Are aluminium pots acceptable as boil vessels? They're cheap, but I've heard they can produce off-flavors. Any experiences with them?

7 Answers 7


My kettle is stainless, but the other kettle in our club is aluminum. We've brewed the same recipe in both kettles and not noticed any differences. You want to make sure that you keep a nice patina on the aluminum though, that's what keeps it non-reactive.


I have an aluminum pot that used to be my boil kettle; now it's my hot liquor tank.

The old thought was that it either caused off flavors or, even worse, contributed to Alzheimers. Neither is true. You can't use caustic cleaners on Aluminum, but otherwise it's safe.

BYO covered all sorts of metals over on their site.

(Here's a link to the Alzheimer's Society about aluminum)


I won my first 5 ribbons using an AL kettle, so it would seem to be a myth about AL having a negative impact on beer quality.


If using an aluminum turkey fryer, make sure it hasn't been used for, you know, frying a turkey in the past. I made that mistake once (trust me, I cleaned the heck out of this thing before starting) and I'll never do it again. You'll end up with the worst tasting beer you've ever tried. It was a tried and true recipe for me, so I knew it would have ended up great. It may have been the aluminum that gave it the off flavor, but I'm thinking it was leftover turkey-frying residue.

Anyways, I use all stainless steel, and you can't go wrong there.

  • 1
    Mmmmm ... Greased Stout. Sounds delicious!
    – GHP
    Commented Jun 8, 2011 at 17:35

I've used an aluminum pot for years. Admittedly, it is not as structurally strong as steel, but a decent gauge aluminum pot in the sizes we're talking about will NOT deform under the heat of brewing, even after a decade or more. (Don't do this with an industrial-sized 30-bbl kettle.) The thinnest ones that come with some turkey fryers are quite dentable -- but so are some stock pots.

You can't use caustic cleaners on aluminum, so beware of that. But it's the boil pot, so it doesn't have to be spotless to be sanitary, and a white scrubby takes off any goop that won't come off with a hot water rinse. Aluminum oxidizes so rapidly that you'd be hard pressed to scrub it and then brew soon enough to get any dissolved in before the oxide layer forms. (Yeah, you could scour it under nitrogen or CO2... but who would?)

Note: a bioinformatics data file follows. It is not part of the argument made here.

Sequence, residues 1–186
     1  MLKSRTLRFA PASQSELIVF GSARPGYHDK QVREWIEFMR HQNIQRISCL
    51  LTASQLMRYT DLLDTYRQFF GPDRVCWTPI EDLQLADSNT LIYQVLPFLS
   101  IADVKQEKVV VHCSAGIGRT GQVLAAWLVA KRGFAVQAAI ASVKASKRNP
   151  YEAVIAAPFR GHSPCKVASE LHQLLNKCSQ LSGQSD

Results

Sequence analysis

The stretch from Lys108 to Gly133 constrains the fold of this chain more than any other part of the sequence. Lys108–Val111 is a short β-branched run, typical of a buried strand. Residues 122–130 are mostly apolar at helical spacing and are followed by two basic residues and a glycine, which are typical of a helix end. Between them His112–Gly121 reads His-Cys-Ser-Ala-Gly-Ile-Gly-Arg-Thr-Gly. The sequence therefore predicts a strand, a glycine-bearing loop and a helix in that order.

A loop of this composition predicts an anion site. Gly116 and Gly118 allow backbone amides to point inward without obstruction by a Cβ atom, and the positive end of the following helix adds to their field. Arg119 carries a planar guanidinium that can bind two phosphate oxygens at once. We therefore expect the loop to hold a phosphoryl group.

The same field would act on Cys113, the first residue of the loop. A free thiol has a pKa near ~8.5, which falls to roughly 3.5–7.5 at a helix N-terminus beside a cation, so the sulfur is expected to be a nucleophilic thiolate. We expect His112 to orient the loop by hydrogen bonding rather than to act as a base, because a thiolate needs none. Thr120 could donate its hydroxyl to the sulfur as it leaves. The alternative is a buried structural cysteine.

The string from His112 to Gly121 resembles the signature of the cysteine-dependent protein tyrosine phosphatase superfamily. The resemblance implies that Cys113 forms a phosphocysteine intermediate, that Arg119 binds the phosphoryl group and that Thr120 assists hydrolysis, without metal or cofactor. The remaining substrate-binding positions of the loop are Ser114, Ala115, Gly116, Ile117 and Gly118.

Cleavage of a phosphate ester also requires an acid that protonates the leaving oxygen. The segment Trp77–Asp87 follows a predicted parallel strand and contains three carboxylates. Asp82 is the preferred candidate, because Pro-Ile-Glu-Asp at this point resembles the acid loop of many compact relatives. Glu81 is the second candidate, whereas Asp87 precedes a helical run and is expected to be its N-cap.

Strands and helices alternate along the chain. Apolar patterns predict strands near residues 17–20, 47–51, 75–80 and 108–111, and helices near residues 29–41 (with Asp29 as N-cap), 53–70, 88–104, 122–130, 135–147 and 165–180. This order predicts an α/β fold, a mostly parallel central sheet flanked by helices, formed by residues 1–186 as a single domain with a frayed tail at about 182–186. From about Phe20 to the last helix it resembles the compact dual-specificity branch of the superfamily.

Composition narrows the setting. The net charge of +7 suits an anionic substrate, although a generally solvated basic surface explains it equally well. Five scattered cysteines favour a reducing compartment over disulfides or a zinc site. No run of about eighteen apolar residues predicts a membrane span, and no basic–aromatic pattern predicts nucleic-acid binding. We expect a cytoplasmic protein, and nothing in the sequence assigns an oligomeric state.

As for Alzheimers, not only does the relationship not seem to be causal after much research, but you can't get much if any aluminum on the beer from the pot. Anyone worrying about that better be drinking RO water and avoiding Maalox and some other antacids like the plague! Oh, and don't eat out, either, since aluminum pots are everywhere in restaurants, and for good reason, given the good heat conductance and lightness of that metal.


I'd say make the investment and go with stainless. Aluminum is weaker and less elastic than steel, so it will deform faster, especially on an electric stove (where the heat and pressure come from the same source, which has a small surface area). Good aluminum cookware (if it exists) probably wouldn't have this problem.


I've had good luck with an aluminium pot (a turkey fryer in my case). The pot was big and since it was something that I already owned, it was a solid piece of brewing equipment. We upgraded to a stainless steel pot only b/c we had a close friend that would not drink our homebrew b/c of Alzheimers fears with aluminium. Since brewing is all about sharing with us, we upgraded. I'm not sure what you have/need for brewing equipment, but I would not recommend upgrading your pot before getting some more important brewing pieces (i.e. secondary, temp control, yeast starter).

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